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The Enemy Next Door

The Enemy Next Door

Thanks to Russia, Poland is newly determined to come to the military aid of allies under threat in Central and Eastern Europe.

Paweł Markiewicz

With Russian aggression in Ukraine showing no sign of letting up, a reexamination of the broad outlines of Polish foreign policy is warranted. Warsaw recently unveiled a complex new strategy (the previous one having guided the state’s foreign affairs from 2017 to 2022) that reflects its values and interests. It frames Poland’s rethinking in terms of the age-old Latin adage used by Polish writer Henryk Sienkiewicz for the title of his Nobel Prize-winning novel, Quo Vadis (Where Are You Going).

The revamped approach is ambitious, as befits a country moving more squarely into Europe’s center of gravity. It is crafted to meet the demands of a new global security architecture in the wake of the Ukraine war in which Poland seeks to play a prominent role. It highlights three pillars of Warsaw’s relations with partners and allies for addressing emerging threats to the West: maintaining peace, stability, and security; battling renewed imperialism; and defending the rules-based international order. These are the cornerstones of a long-term national strategy firmly geared toward confronting the growing rivalry between democracy and autocracy.

Conceptualizing Poland’s international priorities during Russia’s ongoing war in Ukraine is no easy task. The last such reassessment of a similar magnitude came in the 20th century when Europe was on the brink of a second major war. On May 5, 1939, Foreign Minister Józef Beck took the rostrum in Parliament to denounce Hitler’s appetite for imperial expansion. “We have no reason to limit sovereignty on our own territory,” he poignantly declared in the face of escalating German demands to the contrary.

After annexing Austria and dismembering Czechoslovakia in 1938, the Führer set his sights on Poland. Warsaw’s strategic pivot to Great Britain prompted Hitler to renounce the 1934 Polish-German Non-Aggression Pact (meant to last a decade), irrevocably deciding on armed force to achieve his objectives. The illusion of pursuing tepid attempts to maintain peace at the diplomatic level allowed Hitler to forge a strategic alliance with Stalin that sealed Central and Eastern Europe’s fate for good.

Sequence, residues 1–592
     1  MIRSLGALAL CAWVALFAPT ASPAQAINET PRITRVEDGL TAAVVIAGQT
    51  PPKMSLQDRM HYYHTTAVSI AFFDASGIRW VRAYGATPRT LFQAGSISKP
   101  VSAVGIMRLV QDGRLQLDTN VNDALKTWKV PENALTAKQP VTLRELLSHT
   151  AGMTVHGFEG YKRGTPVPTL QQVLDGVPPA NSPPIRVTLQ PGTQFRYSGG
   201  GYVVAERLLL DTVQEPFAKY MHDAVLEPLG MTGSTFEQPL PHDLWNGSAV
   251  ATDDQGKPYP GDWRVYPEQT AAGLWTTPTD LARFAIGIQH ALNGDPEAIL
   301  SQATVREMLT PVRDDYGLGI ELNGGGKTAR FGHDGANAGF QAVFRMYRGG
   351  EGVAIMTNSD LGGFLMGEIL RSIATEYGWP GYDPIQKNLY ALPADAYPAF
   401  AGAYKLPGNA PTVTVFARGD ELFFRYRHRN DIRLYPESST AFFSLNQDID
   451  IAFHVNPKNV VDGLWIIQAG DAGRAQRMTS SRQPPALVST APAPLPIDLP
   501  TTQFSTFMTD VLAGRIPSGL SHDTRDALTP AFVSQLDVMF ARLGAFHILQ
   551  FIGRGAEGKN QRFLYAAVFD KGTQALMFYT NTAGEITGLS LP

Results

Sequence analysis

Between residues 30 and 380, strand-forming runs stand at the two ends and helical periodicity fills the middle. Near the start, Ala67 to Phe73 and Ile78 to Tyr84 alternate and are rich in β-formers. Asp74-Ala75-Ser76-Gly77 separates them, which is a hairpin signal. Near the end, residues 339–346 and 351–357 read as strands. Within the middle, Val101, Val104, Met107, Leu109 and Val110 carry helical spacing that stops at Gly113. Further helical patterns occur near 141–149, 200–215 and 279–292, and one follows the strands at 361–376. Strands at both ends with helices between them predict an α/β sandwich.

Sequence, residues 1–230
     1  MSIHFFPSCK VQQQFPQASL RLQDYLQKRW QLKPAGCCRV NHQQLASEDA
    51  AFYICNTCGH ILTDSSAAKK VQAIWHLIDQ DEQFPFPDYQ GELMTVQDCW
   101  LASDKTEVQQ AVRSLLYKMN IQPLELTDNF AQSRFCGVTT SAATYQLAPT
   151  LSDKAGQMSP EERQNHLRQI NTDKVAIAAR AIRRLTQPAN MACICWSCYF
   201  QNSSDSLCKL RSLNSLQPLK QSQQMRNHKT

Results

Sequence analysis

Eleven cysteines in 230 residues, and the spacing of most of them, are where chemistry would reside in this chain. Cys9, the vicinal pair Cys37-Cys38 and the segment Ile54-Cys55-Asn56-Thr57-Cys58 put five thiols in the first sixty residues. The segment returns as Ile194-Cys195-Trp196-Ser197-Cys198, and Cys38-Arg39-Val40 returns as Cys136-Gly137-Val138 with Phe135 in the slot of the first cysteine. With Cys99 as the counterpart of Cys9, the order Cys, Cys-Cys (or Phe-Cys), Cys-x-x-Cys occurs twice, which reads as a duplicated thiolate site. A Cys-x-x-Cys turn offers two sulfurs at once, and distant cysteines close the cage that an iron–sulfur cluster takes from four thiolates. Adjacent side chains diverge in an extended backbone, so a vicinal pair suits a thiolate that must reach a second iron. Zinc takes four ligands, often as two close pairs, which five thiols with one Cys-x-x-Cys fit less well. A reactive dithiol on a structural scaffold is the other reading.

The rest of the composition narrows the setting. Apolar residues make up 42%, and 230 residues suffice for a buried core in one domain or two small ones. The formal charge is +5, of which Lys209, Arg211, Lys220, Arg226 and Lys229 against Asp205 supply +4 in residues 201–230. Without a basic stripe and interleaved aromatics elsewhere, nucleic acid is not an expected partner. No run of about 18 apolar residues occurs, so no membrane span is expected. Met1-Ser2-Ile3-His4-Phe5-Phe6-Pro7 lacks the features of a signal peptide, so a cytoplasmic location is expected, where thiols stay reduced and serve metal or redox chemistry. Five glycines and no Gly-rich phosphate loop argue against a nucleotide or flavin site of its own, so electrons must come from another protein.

The costs of war to Poland have been enormous. The Second World War wiped out six million people, one-sixth of the prewar population, while the country’s economic development languished for half a century—Poland only returned to its 1939 GDP level in 1991.

The value of peace has been equally impressive. Europe’s post-Cold War era of stability—which stemmed largely from the expansion of NATO’s security umbrella and the European Union’s single-market economy—benefited Central Europe tremendously. Over a twenty-five year period beginning in 1997, Poland experienced real GDP growth of 172 percent (the closest an American state came to that figure was Utah at 138 percent), going from a debt-laden post-communist country to one of Europe’s most dynamic free-market economies. This success story is central to Warsaw’s growing regional and global influence and an important element in its diplomatic toolbox. Maintaining peace remains an essential priority to keep Poland’s economic growth engine running.

Poland’s competitive advantage in confronting autocratic trends is its network of regional, continental, and global friends and allies. Warsaw intends to help shape the international order based on the vision of a stable and secure Euro-Atlantic space, especially in defense and economic dimensions. It will work both bilaterally (most importantly with the United States) and multilaterally (with the UN, NATO, the EU) in cooperative formats that include like-minded partners in Europe (France, Germany, Italy, the United Kingdom) and around the world (Australia, Canada, India, Japan, South Korea).

Close relations with Ukraine lie at Poland’s strategic core. Shared interests, foremost among them curtailing Russian aggression, are bringing Warsaw and Kyiv closer together than ever before. Warsaw is a key supplier of and transit connector for arms, fuel, and humanitarian aid to Ukraine, the last totaling €8.3 billion according to a recent report by the World for Ukraine Foundation. Poland will continue diplomatic efforts aimed at providing Ukraine with viable security guarantees while promoting its membership in NATO and the EU, thereby definitively moving Kyiv out from Russia’s sphere of influence, as Vladimir Putin professes it to be, and embedding it firmly in the West.

The two are looking further ahead. During President Volodymyr Zelenskyy’s visit to Warsaw in April, the countries signed a memorandum on postwar reconstruction. This is an area in which Poland is determined to play a leading European role; it is already the main gateway to world markets for Ukrainian exports. Warsaw’s long-term goal is a strategic partnership with Ukraine based on permanent cooperation. Polling shows that Ukrainians feel historically closest to Poland and are willing to coordinate regional, foreign, and defense policies with it. A treaty of friendship akin to the 1963 Elysée Treaty between France and West Germany—an idea in the pipeline—would firmly bind the two Slavic sisters to one another, critically rebalancing the European landscape in the process.